University of Birmingham – Research Study

We are hoping that you would be able to facilitate participation in our new study examining the influence of social media on physical activity and diet/nutrition during COVID-19. Anyone over the age of 13 can take part, and we are interested in the use (or not) of social media as a source of information.

Main Survey Link:
Video Link Adults (clickable link in video):

Survey/Consent Link Young People (age 13-15:
Video Link young people (clickable link in video):

Study Overview
Maintaining healthy and active lifestyles is a global priority, and this has become even more significant during the COVID-19 pandemic. The current social distancing measures have restricted movement, altered access to and opportunity for certain food types, and prevented access to indoor exercise facilities creating challenges for the maintenance of people’s typical physical activity and diet behaviours. These measures may be particularly impacting on people deemed vulnerable and who have been asked to be shielded and/or people previously active, or those previously inactive.

The dynamic environment provided by social media can be used to promote healthy lifestyle behaviours. For example, our evidence demonstrates that social media can positively impact on health-related knowledge and behaviours through the use and generation of: (i) relevant and accessible health-related content; (ii) socialising and emotional support; and (iii) entertaining and engaging content. Yet since the start of the COVID-19 pandemic, a plethora of non-evidence-based information has become available, and this information is in many cases only appropriate for specific sub-populations, such as healthy participants.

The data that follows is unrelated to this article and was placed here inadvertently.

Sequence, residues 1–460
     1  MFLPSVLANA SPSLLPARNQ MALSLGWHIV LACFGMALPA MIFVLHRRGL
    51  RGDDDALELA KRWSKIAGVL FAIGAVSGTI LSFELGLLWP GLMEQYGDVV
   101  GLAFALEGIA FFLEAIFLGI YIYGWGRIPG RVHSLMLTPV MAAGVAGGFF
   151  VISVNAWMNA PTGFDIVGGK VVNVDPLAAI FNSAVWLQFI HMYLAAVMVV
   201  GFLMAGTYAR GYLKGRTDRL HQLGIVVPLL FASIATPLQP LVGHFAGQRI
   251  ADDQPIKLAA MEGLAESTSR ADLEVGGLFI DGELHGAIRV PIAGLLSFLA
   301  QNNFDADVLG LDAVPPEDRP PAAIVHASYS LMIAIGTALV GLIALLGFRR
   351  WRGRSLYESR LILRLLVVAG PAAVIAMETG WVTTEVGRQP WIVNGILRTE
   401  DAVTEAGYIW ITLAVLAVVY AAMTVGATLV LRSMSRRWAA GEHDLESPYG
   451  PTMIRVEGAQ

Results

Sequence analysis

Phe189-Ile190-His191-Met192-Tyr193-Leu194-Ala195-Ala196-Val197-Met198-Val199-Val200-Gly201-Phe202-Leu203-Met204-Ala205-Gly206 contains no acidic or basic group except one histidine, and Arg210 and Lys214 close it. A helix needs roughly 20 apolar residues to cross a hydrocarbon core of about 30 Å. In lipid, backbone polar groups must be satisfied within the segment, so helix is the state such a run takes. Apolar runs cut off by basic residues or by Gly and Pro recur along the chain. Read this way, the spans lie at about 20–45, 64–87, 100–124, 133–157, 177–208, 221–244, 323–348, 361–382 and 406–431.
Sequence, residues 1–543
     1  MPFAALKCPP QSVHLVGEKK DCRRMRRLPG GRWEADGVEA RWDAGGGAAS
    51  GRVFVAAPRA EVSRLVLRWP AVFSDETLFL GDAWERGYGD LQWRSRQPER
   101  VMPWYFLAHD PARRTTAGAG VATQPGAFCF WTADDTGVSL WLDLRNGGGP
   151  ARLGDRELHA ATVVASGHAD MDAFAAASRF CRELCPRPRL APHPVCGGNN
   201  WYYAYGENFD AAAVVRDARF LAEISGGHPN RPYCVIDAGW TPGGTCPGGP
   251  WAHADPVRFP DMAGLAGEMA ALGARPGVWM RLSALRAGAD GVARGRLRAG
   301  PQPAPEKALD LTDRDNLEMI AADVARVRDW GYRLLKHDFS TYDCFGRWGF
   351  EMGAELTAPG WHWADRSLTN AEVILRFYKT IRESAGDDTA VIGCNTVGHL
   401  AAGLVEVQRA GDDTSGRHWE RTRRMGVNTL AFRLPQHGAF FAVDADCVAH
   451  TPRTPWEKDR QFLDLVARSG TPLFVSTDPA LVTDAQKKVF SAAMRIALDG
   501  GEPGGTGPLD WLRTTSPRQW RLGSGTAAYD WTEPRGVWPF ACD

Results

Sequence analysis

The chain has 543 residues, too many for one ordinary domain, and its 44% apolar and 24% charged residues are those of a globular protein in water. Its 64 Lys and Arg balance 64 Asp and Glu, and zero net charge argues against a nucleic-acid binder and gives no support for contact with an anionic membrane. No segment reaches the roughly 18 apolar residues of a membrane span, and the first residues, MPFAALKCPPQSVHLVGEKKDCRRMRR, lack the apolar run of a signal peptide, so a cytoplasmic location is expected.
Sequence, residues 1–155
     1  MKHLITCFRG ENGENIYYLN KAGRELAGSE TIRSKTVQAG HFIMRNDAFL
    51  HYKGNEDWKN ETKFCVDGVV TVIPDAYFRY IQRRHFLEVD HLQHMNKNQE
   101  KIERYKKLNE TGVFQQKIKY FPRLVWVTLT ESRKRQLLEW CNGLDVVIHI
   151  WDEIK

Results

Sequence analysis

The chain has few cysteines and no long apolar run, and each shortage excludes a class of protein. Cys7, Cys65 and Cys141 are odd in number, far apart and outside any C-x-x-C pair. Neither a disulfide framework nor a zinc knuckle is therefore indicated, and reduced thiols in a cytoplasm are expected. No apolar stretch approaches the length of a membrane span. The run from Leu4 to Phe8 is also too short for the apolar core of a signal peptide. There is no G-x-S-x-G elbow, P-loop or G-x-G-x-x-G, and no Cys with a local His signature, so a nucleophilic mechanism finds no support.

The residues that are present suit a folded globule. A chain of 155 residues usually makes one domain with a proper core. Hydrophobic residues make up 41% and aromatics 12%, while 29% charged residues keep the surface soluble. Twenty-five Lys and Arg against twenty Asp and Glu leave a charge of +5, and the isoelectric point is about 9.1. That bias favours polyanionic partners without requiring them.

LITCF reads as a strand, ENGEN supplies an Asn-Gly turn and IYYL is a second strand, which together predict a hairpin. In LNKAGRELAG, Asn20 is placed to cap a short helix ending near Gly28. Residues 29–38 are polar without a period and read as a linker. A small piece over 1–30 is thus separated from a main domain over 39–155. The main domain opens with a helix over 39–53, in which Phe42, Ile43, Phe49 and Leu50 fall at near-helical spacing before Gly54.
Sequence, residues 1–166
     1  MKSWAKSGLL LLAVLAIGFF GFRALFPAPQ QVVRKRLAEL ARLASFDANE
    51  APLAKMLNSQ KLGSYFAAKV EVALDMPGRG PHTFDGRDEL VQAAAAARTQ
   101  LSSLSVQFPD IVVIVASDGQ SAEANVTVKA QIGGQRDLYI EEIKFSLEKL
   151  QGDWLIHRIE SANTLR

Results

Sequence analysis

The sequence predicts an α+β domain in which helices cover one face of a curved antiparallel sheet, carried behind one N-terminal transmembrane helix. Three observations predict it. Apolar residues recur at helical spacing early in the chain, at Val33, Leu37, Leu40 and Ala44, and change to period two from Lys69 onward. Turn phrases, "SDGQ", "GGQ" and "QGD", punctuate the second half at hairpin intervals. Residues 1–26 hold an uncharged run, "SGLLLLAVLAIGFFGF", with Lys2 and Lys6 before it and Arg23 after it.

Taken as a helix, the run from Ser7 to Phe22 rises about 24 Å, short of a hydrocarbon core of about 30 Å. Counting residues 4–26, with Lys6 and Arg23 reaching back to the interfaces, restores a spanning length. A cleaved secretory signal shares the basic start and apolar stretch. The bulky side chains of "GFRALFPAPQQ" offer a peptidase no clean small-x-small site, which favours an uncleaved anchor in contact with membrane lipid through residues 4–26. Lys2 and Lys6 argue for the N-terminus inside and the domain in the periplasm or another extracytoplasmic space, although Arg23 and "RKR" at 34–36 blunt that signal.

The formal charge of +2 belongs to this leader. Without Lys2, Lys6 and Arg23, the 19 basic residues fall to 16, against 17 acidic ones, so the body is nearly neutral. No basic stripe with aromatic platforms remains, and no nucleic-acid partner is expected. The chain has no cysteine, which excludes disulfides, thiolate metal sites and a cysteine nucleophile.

The aim of this project is to provide evidence-based guidance to support the health-related uses of social media, and to inform the design of effective policy and practice to optimise the educative potential of social media for physical activity and diet during a global pandemic and beyond. This evidence will inform guidelines to help optimise the benefits of social media for physical activity and nutrition, and to minimise potential harms.
The research is funded by the ESRC and is being conducted in the School of Sport, Exercise and Rehabilitation Sciences, University of Birmingham, UK. The study is led by Dr Victoria Goodyear, Prof. Janice Thompson, Dr Jet Veldhuijzen, Dr Gareth Wallis, Dr Ian Boardley, Dr Shin-Yi, Dr Afroditi Stathi, Dr Sally Fenton, and Dr Kyriaki Makopoulou.